Kristian Bjørkdahl and Karen Lykke Syse: From ritual loss of life to loss of living rituals: on judicialization of slaughter and denial of animal death

Published in Food, Culture & Society, 2022.

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The increasingly industrial character of meat production has entailed significant changes to the relations we have to the animals we eat. In this article we first describe some of the practices and rituals that characterized slaughter in Norway up to the first decades of the 20th century. In this period, Norwegians drew on rituals to make the killing of an animal meaningful and acceptable. Then, by exploring the original impetus toward “humane slaughter” in the early to mid-20th century, we show how ritual transformations of animals into meat gave way to laws and regulations to justify animal killing. Finally, we provide a contemporary example of how far this “judicialization” of animal killing has come, and argue that this process has enabled the widespread denial of the animal origin of meat.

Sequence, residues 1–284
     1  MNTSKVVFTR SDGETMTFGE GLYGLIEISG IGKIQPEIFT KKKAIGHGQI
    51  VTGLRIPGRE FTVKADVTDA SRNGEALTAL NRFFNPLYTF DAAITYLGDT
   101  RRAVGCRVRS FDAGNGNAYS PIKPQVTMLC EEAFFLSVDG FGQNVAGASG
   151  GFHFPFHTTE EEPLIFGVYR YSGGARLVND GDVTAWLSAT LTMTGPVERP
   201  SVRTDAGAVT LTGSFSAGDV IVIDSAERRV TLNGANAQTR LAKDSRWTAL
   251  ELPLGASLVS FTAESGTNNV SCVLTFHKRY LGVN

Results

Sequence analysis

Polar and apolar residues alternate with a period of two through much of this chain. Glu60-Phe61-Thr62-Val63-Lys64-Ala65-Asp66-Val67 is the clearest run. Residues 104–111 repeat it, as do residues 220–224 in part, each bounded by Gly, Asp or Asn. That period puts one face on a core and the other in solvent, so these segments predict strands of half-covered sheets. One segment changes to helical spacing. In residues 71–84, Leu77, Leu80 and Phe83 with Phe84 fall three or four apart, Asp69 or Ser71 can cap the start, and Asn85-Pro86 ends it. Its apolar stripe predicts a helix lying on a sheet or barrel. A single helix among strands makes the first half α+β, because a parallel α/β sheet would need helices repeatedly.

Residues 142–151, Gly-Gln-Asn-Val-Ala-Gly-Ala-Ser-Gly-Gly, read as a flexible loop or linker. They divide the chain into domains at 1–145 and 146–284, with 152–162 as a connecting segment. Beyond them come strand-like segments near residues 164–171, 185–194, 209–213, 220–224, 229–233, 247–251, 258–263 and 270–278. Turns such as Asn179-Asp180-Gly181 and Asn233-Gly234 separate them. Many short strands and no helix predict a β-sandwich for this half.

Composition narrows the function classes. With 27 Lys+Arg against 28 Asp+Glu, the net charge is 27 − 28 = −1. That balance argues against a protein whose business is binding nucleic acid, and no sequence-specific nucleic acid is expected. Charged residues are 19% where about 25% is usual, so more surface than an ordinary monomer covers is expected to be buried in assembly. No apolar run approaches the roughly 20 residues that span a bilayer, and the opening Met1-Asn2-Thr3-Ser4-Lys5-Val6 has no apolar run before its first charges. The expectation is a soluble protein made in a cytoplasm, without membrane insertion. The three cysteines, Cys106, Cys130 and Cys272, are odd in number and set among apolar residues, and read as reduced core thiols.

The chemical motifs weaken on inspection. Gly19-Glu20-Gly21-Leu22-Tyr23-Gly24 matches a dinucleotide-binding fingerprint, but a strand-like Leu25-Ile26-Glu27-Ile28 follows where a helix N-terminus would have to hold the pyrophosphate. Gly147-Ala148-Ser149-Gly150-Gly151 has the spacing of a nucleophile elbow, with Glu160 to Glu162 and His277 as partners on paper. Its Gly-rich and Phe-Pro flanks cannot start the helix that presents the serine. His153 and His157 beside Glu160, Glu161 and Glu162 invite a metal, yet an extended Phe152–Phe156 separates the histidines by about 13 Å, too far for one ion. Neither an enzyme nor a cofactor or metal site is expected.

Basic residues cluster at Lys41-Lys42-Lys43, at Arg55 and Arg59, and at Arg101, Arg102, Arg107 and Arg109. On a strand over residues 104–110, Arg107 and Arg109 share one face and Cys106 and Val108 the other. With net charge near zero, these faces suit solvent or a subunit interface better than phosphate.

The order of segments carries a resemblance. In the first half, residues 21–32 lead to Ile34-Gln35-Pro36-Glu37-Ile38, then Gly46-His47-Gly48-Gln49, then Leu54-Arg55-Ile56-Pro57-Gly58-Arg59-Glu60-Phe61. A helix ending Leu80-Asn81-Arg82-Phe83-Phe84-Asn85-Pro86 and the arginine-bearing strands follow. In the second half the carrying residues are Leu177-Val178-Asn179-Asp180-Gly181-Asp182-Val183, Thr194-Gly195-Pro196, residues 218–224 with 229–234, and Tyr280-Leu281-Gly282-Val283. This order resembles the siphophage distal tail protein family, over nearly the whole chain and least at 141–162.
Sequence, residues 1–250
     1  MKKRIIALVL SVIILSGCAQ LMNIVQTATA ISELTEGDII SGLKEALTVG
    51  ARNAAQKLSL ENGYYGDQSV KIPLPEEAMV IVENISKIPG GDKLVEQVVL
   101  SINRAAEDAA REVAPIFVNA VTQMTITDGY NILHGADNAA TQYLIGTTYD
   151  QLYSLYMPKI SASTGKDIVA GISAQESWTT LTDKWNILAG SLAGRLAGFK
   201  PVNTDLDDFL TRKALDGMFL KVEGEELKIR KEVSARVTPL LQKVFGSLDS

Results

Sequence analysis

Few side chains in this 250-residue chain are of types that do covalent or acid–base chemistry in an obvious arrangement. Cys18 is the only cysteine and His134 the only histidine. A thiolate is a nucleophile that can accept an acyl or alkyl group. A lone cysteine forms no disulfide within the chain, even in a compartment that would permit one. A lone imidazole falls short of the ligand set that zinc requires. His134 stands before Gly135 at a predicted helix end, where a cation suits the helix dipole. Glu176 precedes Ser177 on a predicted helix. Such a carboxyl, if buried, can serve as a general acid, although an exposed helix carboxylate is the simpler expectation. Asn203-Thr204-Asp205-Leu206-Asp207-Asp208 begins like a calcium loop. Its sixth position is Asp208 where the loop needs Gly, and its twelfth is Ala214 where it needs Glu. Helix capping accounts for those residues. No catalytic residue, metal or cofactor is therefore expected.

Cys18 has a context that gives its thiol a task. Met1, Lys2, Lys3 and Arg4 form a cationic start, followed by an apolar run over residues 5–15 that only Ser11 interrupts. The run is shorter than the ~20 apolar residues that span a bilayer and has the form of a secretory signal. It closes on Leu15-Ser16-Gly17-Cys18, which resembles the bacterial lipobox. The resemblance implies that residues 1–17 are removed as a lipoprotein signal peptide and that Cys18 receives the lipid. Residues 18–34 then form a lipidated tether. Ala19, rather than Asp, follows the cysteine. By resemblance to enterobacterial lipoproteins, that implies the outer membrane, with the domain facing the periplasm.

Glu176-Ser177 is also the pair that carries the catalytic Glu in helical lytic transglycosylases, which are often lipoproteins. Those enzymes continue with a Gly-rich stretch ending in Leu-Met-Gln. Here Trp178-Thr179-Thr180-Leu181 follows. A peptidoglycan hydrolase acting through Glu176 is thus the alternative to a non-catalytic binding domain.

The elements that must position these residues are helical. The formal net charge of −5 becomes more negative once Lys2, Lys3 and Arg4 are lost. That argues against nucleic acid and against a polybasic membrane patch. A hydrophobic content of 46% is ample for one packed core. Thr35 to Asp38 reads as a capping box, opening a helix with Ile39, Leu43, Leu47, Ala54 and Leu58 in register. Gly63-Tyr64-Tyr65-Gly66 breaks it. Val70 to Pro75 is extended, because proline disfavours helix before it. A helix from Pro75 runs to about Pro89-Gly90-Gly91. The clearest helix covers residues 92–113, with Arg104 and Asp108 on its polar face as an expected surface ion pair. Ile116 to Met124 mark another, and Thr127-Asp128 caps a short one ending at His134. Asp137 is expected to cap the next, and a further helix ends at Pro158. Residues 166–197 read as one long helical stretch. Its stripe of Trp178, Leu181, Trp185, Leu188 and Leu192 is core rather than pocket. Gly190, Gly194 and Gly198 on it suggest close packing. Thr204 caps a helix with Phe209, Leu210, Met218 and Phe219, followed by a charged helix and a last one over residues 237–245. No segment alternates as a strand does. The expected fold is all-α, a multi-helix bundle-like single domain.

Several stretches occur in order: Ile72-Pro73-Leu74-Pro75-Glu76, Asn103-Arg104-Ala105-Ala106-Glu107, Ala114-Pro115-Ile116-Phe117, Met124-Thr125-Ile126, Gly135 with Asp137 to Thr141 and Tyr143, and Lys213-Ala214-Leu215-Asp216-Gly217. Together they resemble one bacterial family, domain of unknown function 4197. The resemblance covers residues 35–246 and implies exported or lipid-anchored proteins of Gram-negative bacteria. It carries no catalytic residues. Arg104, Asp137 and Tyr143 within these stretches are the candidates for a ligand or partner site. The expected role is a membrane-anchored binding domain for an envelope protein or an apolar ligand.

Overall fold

Kristian Bjørkdahl and Karen Lykke Syse

Forsker Kristian Bjørkdahl
Associate professor Karen Lykke Syse
Associate professor Karen Lykke Syse
Published June 15, 2022 3:09 PM - Last modified June 15, 2022 3:11 PM